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PostPosted: Sat Sep 04, 2010 9:49 am 
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My first experience with opiates was when I had a painful foot injury and the doctor prescribed me some vicodin. Almost immediately I noticed that I not only felt great, but that I didn't suffer the awful symptoms of my bipolar illness- racing thoughts and anxiety especially. I mentioned this to my psych, and heeded his caution about addicition.

Several years later something happened that has profoundly changed my life. After several days of severe spinal pain and going to the doc, I woke up one morning completely paralyzed from the umbilicus down. I could not move my legs or urinate.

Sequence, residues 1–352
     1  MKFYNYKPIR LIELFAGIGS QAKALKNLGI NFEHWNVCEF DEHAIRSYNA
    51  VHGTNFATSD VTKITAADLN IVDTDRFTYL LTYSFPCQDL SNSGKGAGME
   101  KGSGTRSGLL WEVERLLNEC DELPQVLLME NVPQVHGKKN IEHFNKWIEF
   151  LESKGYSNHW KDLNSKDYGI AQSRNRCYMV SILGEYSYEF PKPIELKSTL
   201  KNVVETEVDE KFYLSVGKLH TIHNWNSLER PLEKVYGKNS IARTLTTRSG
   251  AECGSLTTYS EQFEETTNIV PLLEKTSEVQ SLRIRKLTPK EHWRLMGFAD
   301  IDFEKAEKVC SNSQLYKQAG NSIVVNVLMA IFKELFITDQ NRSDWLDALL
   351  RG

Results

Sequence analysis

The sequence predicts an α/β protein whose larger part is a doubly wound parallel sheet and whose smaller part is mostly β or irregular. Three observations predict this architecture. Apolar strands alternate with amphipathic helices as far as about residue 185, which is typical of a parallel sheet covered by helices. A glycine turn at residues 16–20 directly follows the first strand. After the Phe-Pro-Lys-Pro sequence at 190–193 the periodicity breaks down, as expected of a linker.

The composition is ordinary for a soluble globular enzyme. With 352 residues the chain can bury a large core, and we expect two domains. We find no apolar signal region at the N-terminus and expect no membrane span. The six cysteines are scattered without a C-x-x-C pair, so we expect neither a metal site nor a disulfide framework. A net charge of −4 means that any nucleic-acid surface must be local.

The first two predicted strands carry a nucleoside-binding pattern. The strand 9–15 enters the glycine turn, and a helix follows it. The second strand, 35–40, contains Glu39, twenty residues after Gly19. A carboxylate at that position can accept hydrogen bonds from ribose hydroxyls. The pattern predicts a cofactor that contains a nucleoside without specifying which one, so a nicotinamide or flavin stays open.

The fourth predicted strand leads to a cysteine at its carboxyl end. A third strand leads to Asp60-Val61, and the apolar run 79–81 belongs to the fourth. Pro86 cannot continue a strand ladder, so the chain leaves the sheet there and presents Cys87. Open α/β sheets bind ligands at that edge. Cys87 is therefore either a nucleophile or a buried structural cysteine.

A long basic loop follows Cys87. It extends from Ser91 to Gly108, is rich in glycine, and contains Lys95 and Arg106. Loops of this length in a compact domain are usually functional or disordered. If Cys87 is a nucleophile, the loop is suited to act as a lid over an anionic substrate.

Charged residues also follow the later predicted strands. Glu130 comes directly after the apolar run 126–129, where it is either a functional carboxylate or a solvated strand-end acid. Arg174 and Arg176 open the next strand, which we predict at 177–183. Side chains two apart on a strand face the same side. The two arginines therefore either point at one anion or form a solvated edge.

I was rushed to the hospital by ambulance and an MRI showed severe cord swelling in the area, so I was taken to straight to surgery where my spine was sawed open to relieve thre pressure. They warned me that I may be permanantly on a vent when I woke up. I was then sent to the icu, and after a week or so off to physical therapy. Throughout this period I was connected to a dilaudid pca pump, which provided a phenomenal rush and pain relief instantly.

In physical therapy my condition declined, and I was taken back the the icu, in precarious/weak condition. This time I had four discectomy/fusions and an anterior plate placed. Things were getting bad, and I was on a ventilator for some time. My hands had been largerly paralyazed by this time as well. PICC lines and more and more dilaudid. At one point, I had apparently climbed over the bed rails to the floor, pulling all my IV's. When the nurses came in and asked what happened I told them I was going to the Zoo.